When I was invited to the Xbox E3 2018 showcase event, the first game I played was Ori and the Will of the Wisps. The sequel to Moon Studio’s 2015 title Ori and the Blind Forest, this demo drops Ori in the middle of a vast desert joined to a cave network of sorts. Additionally, while I played the game, my comrade Lord Cognito of the Iron Lords Podcast interviewed one of the developers and captured some off-screen gameplay. You can check that out right here or below:
With all that in mind, let’s dive in. Here’s my Ori and the Will of the Wisps impressions!
Ori and the Will of the Wisps Impressions
Now if you’ve seen the trailer then this goes without saying but I’ll say it all the same: Ori and the Will of the Wisps is gorgeous. The stunning art style, the wide variety of detailed environments, it all looks incredible. If you’re playing on Xbox One X, it looks even more impressive with an excellent implementation of HDR and 4K resolution. While I didn’t get to hear much of the soundtrack in my gameplay demo, the track playing was soothing and in line with the fantastic music from and sound effects from the first game. Gareth Coker is returning as the composer for the soundtrack, so I have no doubt it’ll be anything short of phenomenal.
If you’ve played Ori and the Blind Forest, you’ll instantly be familiar with the controllers. Ori can still cling and clamber up surfaces, platforming with ease across vines, walls, bridges and rocks. A big addition to Ori’s moveset however, is the addition of the Burrow ability. Ori can dive into the sand, tunneling through and launching out at great speed. This adds a new layer of moves on top of the already impressive verticality, as well as new options for exploration. By launching out of the sand, you can also take enemies by surprise or reach otherwise-inaccessible locations.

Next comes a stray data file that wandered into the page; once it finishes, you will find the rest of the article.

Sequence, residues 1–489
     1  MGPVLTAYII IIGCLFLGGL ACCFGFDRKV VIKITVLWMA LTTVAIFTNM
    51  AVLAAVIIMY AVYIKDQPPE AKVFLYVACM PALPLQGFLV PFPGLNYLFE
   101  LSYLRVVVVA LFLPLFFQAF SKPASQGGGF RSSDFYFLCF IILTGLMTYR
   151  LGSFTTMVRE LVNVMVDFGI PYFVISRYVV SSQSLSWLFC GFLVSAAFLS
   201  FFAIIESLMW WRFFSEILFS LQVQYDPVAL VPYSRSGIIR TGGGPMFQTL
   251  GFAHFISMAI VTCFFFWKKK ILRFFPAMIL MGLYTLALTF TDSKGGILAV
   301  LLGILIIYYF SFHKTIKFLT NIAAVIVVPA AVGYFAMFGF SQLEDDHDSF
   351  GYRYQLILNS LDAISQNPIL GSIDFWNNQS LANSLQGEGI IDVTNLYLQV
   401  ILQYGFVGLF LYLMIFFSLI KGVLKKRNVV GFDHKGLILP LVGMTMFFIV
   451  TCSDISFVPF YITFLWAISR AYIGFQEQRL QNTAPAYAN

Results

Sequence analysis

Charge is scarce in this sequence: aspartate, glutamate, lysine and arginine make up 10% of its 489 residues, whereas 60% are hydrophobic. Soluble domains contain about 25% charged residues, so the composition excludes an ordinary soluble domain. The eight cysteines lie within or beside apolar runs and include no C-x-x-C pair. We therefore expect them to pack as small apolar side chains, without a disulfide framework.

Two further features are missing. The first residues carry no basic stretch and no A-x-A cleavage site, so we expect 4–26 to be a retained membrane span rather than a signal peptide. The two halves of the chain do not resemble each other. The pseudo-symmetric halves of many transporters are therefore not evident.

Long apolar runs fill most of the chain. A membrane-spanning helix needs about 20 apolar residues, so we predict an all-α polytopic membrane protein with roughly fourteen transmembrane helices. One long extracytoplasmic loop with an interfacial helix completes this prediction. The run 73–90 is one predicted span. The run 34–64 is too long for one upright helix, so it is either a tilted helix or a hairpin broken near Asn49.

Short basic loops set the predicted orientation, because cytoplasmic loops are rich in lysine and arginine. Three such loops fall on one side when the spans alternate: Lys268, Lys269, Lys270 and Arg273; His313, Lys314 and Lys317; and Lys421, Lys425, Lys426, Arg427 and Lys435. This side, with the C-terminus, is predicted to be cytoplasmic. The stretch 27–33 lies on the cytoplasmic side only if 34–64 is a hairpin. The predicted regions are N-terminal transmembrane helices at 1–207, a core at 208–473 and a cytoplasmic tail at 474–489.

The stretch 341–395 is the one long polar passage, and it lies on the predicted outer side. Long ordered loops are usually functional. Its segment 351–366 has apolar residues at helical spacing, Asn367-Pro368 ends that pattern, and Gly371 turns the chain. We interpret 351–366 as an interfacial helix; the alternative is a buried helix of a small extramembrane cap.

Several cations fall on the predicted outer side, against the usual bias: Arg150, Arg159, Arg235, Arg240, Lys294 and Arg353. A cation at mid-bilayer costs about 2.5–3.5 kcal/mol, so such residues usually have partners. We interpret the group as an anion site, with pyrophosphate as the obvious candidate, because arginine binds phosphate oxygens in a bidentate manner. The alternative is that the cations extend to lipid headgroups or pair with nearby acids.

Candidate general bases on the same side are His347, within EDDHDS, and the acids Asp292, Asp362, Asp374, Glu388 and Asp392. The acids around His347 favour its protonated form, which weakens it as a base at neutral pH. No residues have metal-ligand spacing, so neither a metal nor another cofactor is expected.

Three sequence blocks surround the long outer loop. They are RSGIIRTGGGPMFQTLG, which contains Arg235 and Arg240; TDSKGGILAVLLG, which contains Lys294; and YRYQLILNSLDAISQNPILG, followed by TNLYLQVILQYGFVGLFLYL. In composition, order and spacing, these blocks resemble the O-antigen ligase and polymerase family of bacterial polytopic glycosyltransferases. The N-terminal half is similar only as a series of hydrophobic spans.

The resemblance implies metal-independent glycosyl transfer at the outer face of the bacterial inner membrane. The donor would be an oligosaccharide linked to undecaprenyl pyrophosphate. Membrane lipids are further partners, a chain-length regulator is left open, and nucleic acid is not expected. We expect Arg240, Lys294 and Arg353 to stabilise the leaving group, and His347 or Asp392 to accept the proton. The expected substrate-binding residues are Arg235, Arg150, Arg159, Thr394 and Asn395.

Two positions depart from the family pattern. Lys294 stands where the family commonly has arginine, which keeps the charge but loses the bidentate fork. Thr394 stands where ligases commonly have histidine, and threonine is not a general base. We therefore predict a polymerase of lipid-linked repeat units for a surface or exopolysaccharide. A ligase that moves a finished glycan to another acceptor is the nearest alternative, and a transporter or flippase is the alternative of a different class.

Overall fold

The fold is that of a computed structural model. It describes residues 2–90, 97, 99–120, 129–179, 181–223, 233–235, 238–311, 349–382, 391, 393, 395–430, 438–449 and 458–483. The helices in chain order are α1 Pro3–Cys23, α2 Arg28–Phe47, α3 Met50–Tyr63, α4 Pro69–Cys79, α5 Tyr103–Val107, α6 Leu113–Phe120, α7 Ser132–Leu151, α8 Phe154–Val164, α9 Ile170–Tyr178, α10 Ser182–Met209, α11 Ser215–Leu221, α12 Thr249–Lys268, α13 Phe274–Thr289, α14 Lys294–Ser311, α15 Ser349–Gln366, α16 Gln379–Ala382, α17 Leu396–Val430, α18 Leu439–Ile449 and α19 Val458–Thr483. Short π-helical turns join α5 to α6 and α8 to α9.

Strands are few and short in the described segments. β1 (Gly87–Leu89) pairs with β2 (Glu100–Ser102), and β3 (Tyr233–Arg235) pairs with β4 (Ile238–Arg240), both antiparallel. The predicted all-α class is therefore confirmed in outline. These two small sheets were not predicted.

The biggest change by far is in regards to combat. Instead of using Sein, Ori now has access to a variety of weapons. One is an energy sword that can chain together different moves for combo attacks. Combined with the movement system, it’s incredibly easy to rapidly chain effective attacks. Another new addition is the energy bow, which fulfills Ori’s new ranged moveset. All of these abilities can be augmented, with different slots for rune-like modifiers which let you adapt Ori’s abilities to your personal preference.
I’m definitely looking forward to this and if the rest of the game is in line with the demo, Moon Studios has another masterpiece on their hands. Ori and the Will of the Wisps releases on Xbox One and Windows 10 sometime in 2019. It’ll be Xbox One X enhanced, running in native 4K with HDR support.